The importance of training supervisors on how to recognize and deal with employee leave issues cannot be overstated. And here’s a painful example of why…
Grace, an employee at a group home where she provided support to residents with mental impairments, was unexpectedly hospitalized due to a mental health condition. Grace had her son call her employer to tell them that she was in the hospital and could not report to work. Grace’s son called the employer at least four times over the next week to advise that his mother was still in the hospital. He spoke with Grace’s direct supervisor, as well as the program manager and the HR department. Such notifications should have sounded alarm bells that Grace might have a “serious health condition” and may be entitled to leave under the FMLA. Which it did – sort of; an HR department staff person prepared an FMLA packet acknowledging that the employer had been informed Grace was on a medical leave. However, when Grace’s son informed her supervisor that Grace was able to speak, the supervisor became angry and said it was inappropriate for him to be calling on his mother’s behalf and told him not to call again. The supervisor did not ask the son any questions regarding Grace’s condition or whether there was something preventing Grace from calling herself.
The supervisor then went to the Vice President of HR and told her that Grace was hospitalized and unable to work. A few days later, the same supervisor advised the same Vice President of HR that Grace was a “no call/no show” when she failed to personally notify the employer of her continued absence. The HR manager asked no questions and, despite being aware Grace had been hospitalized, drafted a termination letter for one of the company’s executives to sign. Neither the supervisor nor HR advised the executive signing the termination letter that Grace had been hospitalized (and could be still for all they knew). When Grace was released from the hospital and returned to work a few days later, with a note from her doctor, she was informed she had been terminated for job abandonment.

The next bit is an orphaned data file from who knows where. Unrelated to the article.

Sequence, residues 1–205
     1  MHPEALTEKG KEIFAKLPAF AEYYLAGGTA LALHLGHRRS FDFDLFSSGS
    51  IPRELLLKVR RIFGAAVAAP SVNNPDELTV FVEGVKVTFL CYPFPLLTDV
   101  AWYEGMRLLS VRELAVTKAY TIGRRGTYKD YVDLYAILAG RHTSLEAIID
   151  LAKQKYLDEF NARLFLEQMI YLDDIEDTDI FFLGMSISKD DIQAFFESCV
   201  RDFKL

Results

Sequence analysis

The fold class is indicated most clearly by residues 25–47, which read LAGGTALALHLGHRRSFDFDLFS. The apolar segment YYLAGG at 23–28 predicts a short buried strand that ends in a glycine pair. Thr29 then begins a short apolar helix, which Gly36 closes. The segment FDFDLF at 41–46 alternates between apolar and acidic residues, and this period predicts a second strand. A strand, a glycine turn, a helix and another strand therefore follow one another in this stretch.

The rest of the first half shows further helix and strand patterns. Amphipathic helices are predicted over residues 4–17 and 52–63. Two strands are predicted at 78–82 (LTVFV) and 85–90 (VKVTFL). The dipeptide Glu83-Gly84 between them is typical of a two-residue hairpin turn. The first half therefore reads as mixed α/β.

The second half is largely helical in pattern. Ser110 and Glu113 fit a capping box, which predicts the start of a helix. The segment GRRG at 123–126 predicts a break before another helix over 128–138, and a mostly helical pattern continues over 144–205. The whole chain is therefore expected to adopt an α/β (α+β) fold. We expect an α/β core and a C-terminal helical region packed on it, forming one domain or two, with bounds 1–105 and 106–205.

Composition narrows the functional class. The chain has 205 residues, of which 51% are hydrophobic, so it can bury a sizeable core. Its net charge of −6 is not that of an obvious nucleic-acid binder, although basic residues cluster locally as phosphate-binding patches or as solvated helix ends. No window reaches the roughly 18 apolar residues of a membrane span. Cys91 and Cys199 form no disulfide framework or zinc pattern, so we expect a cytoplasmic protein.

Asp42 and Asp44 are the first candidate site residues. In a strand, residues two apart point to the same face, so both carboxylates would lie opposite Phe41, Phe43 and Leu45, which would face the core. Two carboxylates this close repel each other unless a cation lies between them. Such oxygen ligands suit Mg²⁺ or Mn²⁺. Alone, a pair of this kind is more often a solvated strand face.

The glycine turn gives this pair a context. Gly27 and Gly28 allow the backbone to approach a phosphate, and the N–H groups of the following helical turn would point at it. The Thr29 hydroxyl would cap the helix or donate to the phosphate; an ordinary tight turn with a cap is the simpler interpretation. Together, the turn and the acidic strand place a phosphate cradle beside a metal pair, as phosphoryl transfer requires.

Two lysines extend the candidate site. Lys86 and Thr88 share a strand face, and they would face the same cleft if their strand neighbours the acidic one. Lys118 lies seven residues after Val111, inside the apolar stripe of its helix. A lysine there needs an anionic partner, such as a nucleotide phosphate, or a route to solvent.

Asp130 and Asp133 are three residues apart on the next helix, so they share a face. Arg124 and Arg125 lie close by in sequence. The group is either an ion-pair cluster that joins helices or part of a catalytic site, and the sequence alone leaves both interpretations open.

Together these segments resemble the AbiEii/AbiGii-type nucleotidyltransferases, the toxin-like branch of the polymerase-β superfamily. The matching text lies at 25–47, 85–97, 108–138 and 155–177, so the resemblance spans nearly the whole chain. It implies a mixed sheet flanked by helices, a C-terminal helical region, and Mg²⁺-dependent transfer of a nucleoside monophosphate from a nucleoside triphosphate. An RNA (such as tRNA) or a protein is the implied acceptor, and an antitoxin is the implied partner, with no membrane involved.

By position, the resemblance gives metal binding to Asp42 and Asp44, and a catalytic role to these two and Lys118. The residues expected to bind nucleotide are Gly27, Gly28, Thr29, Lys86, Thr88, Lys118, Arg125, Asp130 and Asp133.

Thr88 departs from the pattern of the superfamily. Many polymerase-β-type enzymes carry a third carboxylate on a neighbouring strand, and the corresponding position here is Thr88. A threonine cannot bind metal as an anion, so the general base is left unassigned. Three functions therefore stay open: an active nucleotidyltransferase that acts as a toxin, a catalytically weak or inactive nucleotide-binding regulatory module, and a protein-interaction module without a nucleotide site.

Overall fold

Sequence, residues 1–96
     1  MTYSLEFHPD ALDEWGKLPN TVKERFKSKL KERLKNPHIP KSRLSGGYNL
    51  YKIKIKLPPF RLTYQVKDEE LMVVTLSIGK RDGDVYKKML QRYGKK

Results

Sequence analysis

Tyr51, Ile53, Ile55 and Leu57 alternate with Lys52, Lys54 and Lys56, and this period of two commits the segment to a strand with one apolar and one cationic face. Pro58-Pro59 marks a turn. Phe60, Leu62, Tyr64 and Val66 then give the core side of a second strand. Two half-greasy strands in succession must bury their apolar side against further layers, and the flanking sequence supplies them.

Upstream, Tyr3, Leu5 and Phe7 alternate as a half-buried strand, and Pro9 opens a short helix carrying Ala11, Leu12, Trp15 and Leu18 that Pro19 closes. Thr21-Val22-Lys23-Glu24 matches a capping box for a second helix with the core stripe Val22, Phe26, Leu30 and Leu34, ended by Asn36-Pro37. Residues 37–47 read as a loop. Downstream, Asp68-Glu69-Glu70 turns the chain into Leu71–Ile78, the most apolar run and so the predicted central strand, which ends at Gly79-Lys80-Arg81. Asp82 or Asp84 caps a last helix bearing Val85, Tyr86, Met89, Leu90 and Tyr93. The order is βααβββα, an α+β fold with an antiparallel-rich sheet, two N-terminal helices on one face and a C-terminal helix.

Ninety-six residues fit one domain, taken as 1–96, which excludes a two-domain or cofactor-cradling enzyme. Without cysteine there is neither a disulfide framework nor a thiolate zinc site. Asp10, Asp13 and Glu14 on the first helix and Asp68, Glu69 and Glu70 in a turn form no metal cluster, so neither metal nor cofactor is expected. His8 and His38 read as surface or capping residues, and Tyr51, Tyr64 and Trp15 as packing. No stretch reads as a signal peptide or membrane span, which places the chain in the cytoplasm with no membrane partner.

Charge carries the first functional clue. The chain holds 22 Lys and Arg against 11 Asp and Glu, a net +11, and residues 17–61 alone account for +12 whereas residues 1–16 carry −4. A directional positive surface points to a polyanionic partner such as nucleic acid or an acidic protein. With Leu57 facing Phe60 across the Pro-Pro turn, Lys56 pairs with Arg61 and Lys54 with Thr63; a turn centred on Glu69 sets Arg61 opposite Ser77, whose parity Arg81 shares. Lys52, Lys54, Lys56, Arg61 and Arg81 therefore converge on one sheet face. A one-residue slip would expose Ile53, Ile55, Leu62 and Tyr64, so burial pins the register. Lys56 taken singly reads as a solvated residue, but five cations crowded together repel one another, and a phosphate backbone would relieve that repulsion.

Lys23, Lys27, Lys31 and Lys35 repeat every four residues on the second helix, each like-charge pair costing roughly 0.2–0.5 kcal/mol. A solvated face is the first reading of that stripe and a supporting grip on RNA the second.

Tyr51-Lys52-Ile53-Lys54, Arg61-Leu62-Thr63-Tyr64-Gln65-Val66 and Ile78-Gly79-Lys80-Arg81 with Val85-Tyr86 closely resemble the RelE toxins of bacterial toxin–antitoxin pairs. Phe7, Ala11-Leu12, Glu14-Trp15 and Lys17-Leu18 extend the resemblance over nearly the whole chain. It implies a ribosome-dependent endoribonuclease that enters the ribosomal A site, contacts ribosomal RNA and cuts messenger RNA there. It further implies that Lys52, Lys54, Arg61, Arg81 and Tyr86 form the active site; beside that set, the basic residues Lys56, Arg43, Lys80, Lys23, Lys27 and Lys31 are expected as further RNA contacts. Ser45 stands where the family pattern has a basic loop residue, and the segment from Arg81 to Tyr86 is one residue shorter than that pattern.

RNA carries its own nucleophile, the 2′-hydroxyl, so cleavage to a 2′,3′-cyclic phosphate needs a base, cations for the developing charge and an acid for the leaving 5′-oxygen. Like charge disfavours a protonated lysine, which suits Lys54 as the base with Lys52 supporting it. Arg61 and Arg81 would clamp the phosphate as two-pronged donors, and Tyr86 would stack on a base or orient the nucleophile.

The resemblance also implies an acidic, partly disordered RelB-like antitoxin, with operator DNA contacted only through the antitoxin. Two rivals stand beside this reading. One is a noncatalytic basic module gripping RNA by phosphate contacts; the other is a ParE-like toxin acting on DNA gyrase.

Needless to say, the jury in the employee’s FMLA lawsuit was not sympathetic to the employer – Grace was awarded nearly $150K in back wages and benefits, as well as attorneys’ fees. Further, the court awarded Grace an additional $150K as liquidated damages, finding that the employer’s interference with her FMLA rights was willful and that the employer’s lack of supervisor training – and its failure to correct an obvious mistake – was evidence of its bad faith. Click here to read the court’s decision awarding liquidated damages, Boadi v. Center for Human Development.
The takeaway? Employers need to adequately train their supervisors (and in this case, apparently their HR managers) to recognize when an employee’s absence can trigger FMLA protection. Supervisors should be familiar with leave of absence and other personnel policies that may come into play due to an employee’s injury or illness. As illustrated above, an employer’s failure to do so can be costly.
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